• Marine long-range reconnaissance aircraft
  • First flight: 1932
  • Grigorovich

The MDR-3 project at the Central Design Bureau was designated No. 11. This aircraft was not sent into production, and yet it brought I.V. Chetverikov, and therefore aviation, had several innovative solutions. The project was supposed to use various design elements from the TB-5 bomber. According to its design, the MDR-3 was a boat seaplane with a high-mounted braced wing placed on the boat and a two-fin vertical tail with fins interconnected, as on the TB-5. The aircraft was equipped with two tandem power plants of four engines, just like on the TB-5.

Powerplant consisted of four BMW-VI engines in two tandems in the center section. The use of water-cooled engines entailed a significantly larger mass, but I.V. Chetverikov, the head of the maritime department and the author of the aircraft project, decided to go for it. The two engines had a common radiator under the front one. The installations were very easy to maintain. The gas tanks were riveted duralumin and were installed on racks above the wing center section on both sides of the boat in the plane of the spaced keels.

Construction of the aircraft began in the spring of 1931, and by November it was already built. In December, the aircraft was transported to Sevastopol, where on January 14, 1932, test pilot B.L. Buchholz made the first flight. Along with him on board the flying boat were mechanic A. Dneprov and the designer himself.

The aircraft showed good seaworthiness, speed up to 210 km/h, take-off time of 36 s, but poor rate of climb and a ceiling of only 3000 m. The reason for this was partly the tandem installation of engines, but most importantly - the deteriorated aerodynamics of the aircraft. Considering the long duration (8 hours) and range (1600 km) of the MDR-3 flight, as well as the urgent need of the fleet for such an aircraft, it was decided to continue work on it. The TsAGI Kosos team, headed by A.N., was entrusted with eliminating the shortcomings. Tupolev. There they did not modernize the car, but thoroughly redesigned it and got a completely different seaplane - ANT-27 (MDR-4). The new aircraft retained only the contours of the MDR-3 boat and became a three-engine cantilever high-wing aircraft with a single-fin vertical tail design.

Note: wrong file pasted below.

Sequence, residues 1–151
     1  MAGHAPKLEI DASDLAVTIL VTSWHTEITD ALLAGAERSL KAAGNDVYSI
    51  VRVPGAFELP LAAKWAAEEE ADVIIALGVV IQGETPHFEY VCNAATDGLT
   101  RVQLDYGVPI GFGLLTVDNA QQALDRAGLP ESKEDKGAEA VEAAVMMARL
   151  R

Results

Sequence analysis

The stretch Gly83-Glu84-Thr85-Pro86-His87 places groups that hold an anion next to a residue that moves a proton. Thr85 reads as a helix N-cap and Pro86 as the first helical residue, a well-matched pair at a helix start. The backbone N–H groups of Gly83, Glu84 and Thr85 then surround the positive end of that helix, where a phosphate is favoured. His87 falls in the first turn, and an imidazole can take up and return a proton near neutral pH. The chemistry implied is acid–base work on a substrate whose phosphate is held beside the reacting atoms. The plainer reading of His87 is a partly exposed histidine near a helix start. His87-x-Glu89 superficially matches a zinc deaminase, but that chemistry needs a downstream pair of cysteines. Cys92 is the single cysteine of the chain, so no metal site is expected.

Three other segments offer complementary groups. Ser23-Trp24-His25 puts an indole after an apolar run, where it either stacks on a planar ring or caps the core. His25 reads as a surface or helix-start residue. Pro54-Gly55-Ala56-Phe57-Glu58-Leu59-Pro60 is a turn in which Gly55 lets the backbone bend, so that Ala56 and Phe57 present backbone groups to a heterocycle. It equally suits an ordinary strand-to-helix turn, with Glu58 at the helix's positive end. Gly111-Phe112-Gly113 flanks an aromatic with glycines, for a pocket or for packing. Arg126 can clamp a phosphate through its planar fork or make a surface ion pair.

Crew 7
Length, m 21,9
Wing span, m 32,2
Wing area, m² 153,0
Weights, kg
Пустого 8,928
Loadedv weight 13,973
Takeoff power, hp 4 × 680
Maximum speed , km/h 208
Service range, km 1,600
Service range, km 3,000
8 × 7,62mm Machine guns DA-2  
Photo Description
MDR-3 Drawing MDR-3


  • History of aircraft designs in the USSR, 1938-1950. /V.B. Shavrov/
  • "Prison" bomber /Aviation and Time. Mikhail Maslov./
  • Airplanes of Dmitry Grigorovich /Aviation and Cosmonautics. Mikhail Maslov./
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By the way, after the creation of the I-5 fighter already at the end of May 1931, the OGPU board decided to release most of the “pests” ", including Grigorovich and Polikarpov. Polikarpov’s “capital punishment” was replaced with ten years in the camps, and then given a general amnesty, but without canceling the sentence. It was only annulled by the Supreme Court in 1956, “for lack of evidence of a crime,” 12 years after the death of the designer.